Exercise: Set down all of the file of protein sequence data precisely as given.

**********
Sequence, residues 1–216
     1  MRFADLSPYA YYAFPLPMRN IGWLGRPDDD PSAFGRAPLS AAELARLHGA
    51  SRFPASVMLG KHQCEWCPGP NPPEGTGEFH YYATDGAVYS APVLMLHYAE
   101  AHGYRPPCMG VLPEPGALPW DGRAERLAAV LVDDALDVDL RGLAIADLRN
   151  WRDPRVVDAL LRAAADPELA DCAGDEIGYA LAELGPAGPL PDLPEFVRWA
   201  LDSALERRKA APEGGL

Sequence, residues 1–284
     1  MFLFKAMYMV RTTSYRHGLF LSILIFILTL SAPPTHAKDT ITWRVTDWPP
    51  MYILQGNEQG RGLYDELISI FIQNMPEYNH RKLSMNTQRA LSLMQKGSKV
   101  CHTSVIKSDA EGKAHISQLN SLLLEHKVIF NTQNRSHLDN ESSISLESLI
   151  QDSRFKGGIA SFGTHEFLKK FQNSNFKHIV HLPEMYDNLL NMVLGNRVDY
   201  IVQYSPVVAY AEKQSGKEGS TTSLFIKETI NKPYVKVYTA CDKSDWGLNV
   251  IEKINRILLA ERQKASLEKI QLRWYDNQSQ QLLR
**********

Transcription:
Sequence, residues 1–216
     1  MRFADLSPYA YYAFPLPMRN IGWLGRPDDD PSAFGRAPLS AAELARLHGA
    51  SRFPASVMLG KHQCEWCPGP NPPEGTGEFH YYATDGAVYS APVLMLHYAE
   101  AHGYRPPCMG VLPEPGALPW DGRAERLAAV LVDDALDVDL RGLAIADLRN
   151  WRDPRVVDAL LRAAADPELA DCAGDEIGYA LAELGPAGPL PDLPEFVRWA
   201  LDSALERRKA APEGGL

Sequence, residues 1–284
     1  MFLFKAMYMV RTTSYRHGLF LSILIFILTL SAPPTHAKDT ITWRVTDWPP
    51  MYILQGNEQG RGLYDELISI FIQNMPEYNH RKLSMNTQRA LSLMQKGSKV
   101  CHTSVIKSDA EGKAHISQLN SLLLEHKVIF NTQNRSHLDN ESSISLESLI
   151  QDSRFKGGIA SFGTHEFLKK FQNSNFKHIV HLPEMYDNLL NMVLGNRVDY
   201  IVQYSPVVAY AEKQSGKEGS TTSLFIKETI NKPYVKVYTA CDKSDWGLNV
   251  IEKINRILLA ERQKASLEKI QLRWYDNQSQ QLLR